On the other hand, AJ Style worked all around the world 16+ years non-stop to finally arrive to WWE at 38, as a full time athlete.

Among the three, the honor should expect to AJ Styles.

Yet, during an interview, AJ himself answered this way to the people who asked what he thought about two-part timers main eventing WrestleMania: 

Goldberg and what Brock and him have done together, has made sure people are gonna come and watch WrestleMania. They want to see this match. And if they come to see them, they also have to come to see me. And now I will have an opportunity to impress them, while they’re there. And I will make AJ fans, or Shane fans out of them.

While I understand it’s easy to make this case for new and upcoming actor in film franchise (right Daisy Ridley?), another idea came up to me.

The idea is simple: put original movie trailers in front of franchise movies. While putting trailers in front of Fast & Furious is more expensive than say the next Woody Allen movie (sorry Woody), having new ideas present themselves in front of an audience does no harm, while undeniably helping the industry. Of course you’d have to raise the marketing budget (and I’m sure the price depends on which position you want the trailer to be played at), but some talks with exhibitors could be done.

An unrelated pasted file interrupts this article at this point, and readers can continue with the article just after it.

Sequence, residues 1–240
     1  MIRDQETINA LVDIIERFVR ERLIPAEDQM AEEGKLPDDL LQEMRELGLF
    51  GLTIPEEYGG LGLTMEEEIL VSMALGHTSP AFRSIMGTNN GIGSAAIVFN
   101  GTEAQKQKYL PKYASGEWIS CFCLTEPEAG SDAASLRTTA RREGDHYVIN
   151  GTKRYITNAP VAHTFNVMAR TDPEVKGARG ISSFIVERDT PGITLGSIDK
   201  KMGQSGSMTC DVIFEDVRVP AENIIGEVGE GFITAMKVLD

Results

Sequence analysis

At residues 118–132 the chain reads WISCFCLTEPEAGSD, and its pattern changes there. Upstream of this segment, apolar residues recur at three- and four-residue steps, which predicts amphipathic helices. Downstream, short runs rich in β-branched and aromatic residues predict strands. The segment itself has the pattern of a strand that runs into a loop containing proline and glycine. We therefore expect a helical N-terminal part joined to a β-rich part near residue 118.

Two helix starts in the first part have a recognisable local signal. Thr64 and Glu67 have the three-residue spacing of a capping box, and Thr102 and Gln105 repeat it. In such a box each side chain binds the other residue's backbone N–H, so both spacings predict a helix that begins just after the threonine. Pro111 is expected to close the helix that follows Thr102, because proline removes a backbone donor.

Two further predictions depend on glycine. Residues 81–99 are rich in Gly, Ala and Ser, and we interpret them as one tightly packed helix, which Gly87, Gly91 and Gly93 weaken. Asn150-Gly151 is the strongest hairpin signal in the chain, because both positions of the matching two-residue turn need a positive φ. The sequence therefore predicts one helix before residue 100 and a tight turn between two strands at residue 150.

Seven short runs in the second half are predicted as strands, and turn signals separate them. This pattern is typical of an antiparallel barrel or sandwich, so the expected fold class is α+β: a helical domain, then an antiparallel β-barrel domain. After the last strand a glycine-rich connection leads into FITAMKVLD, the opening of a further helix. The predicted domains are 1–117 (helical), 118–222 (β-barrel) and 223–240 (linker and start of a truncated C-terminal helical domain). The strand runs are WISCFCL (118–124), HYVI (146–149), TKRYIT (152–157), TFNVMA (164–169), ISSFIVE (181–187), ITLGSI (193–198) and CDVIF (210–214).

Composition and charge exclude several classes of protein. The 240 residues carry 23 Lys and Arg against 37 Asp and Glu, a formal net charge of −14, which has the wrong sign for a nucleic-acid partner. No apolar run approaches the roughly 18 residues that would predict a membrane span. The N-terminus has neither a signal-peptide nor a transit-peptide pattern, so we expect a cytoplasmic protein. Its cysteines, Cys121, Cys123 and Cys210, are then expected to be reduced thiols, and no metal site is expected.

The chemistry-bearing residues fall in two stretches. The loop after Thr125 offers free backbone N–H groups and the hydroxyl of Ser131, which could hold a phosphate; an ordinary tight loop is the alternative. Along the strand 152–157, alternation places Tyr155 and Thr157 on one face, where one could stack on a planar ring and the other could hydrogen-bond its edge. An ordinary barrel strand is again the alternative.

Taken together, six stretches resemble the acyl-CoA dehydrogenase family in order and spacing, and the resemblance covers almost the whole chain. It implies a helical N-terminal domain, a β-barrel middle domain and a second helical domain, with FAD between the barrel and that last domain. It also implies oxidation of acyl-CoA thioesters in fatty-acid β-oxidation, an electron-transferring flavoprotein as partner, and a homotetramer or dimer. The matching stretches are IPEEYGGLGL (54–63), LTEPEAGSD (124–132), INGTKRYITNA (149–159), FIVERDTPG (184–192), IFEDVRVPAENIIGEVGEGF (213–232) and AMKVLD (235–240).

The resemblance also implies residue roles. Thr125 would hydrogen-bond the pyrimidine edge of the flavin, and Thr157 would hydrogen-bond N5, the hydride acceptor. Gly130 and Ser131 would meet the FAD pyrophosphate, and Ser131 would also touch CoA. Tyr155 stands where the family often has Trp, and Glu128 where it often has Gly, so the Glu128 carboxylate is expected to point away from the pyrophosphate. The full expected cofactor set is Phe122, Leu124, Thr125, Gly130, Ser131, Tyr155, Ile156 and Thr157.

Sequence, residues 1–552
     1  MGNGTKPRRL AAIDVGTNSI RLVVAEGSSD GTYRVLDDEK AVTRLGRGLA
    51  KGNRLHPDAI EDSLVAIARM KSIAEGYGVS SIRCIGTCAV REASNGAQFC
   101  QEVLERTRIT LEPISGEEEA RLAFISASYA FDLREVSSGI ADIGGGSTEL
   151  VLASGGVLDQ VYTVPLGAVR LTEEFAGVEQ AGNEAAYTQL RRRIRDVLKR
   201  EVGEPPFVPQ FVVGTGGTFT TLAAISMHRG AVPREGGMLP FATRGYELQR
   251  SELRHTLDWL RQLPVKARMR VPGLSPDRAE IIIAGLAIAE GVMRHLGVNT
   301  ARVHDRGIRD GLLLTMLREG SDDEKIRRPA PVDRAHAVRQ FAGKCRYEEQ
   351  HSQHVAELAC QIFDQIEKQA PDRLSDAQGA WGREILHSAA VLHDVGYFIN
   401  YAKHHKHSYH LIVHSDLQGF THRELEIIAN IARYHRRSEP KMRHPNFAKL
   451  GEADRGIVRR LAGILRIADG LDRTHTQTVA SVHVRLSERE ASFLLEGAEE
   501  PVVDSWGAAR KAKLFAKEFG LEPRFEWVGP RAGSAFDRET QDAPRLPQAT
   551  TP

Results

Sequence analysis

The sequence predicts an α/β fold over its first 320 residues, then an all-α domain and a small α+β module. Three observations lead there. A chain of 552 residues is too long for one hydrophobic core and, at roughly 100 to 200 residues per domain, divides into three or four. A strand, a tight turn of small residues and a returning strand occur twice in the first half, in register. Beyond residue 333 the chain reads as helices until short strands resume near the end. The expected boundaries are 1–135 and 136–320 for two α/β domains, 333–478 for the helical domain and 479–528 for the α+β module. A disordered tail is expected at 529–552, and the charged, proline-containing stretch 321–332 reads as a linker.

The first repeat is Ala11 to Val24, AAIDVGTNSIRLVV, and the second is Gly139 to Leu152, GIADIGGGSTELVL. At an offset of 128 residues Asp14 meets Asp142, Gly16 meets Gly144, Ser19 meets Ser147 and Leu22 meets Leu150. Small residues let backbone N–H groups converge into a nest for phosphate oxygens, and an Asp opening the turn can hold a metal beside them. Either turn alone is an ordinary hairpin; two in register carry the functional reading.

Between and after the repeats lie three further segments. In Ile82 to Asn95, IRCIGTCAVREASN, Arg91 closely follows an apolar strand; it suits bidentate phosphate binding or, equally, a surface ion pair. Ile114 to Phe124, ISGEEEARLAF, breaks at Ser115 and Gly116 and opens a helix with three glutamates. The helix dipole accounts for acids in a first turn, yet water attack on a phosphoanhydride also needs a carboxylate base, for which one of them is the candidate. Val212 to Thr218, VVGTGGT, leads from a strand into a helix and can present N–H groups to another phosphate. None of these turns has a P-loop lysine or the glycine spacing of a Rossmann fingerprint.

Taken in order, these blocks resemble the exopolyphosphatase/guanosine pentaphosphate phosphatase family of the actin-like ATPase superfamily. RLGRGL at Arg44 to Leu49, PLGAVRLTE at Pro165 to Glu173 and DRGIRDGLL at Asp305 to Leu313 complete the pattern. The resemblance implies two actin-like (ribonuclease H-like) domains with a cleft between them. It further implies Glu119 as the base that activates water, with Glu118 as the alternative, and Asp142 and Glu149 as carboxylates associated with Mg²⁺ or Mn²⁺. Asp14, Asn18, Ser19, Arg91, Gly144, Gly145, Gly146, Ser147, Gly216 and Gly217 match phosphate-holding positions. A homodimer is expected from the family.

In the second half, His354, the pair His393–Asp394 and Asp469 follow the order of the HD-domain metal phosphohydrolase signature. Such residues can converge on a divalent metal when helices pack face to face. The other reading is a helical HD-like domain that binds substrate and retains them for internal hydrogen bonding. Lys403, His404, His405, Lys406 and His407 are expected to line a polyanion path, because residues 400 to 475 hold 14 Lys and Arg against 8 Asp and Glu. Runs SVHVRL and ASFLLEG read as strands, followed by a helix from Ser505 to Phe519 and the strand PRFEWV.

I get that exhibitors (AMC, Regal, CineMark, etc.) want the most popular movie trailers to play. Yet it’s inconvenient for the distributors and studios to spend so much money to keep playing franchise trailers in theaters. I get the very first trailers, stil 6 to 10 months ahead from release, since they want the movie get on the audience radar (not everyone goes on the web and look for them). But when we get a month away to release, does it really matter? Billboards are all over the place, sports programming features a lot of promotion, internet ads also start promoting the movie even on very, very generalist websites. Seriously, there’s no need to put more money to play often spoiling trailers (as generally trailer 2 and 3 are) for literally the sake of it.  

While I understand it’s not very likely for this to happen (since exhibitors are the first who want to make money), I think it would be a viable and fair option worth to pursue. In fact, previous original movies promoted in front of big movies (like Ex MachinaHardcore Henry or Joel Edgerton’s The Gift) all performed well at box office (still without remotely braking any box office record). 

Will it ever become a standard? I doubt it, but I’ll surely consider it if there’s an interest into changing Hollywood trends. 

Post Author: Luca Ripamonti

Filmmaker of 23 years old, gamer since the dawn of time. Crazy about football (the real one), basketball and pro-wrestling.